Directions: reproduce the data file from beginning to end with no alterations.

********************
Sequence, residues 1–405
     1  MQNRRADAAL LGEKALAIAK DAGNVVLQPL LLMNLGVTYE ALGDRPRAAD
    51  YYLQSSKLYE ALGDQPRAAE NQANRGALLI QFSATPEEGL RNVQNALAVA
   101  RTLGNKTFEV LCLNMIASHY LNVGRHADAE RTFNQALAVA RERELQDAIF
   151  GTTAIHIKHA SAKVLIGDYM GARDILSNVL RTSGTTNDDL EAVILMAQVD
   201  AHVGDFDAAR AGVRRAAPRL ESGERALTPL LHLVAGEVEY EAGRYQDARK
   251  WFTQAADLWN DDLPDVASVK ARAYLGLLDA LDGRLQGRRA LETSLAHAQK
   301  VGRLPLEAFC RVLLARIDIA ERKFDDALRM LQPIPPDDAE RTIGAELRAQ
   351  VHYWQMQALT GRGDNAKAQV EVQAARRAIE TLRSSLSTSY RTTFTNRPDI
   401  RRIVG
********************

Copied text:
Sequence, residues 1–405
     1  MQNRRADAAL LGEKALAIAK DAGNVVLQPL LLMNLGVTYE ALGDRPRAAD
    51  YYLQSSKLYE ALGDQPRAAE NQANRGALLI QFSATPEEGL RNVQNALAVA
   101  RTLGNKTFEV LCLNMIASHY LNVGRHADAE RTFNQALAVA RERELQDAIF
   151  GTTAIHIKHA SAKVLIGDYM GARDILSNVL RTSGTTNDDL EAVILMAQVD
   201  AHVGDFDAAR AGVRRAAPRL ESGERALTPL LHLVAGEVEY EAGRYQDARK
   251  WFTQAADLWN DDLPDVASVK ARAYLGLLDA LDGRLQGRRA LETSLAHAQK
   301  VGRLPLEAFC RVLLARIDIA ERKFDDALRM LQPIPPDDAE RTIGAELRAQ
   351  VHYWQMQALT GRGDNAKAQV EVQAARRAIE TLRSSLSTSY RTTFTNRPDI
   401  RRIVG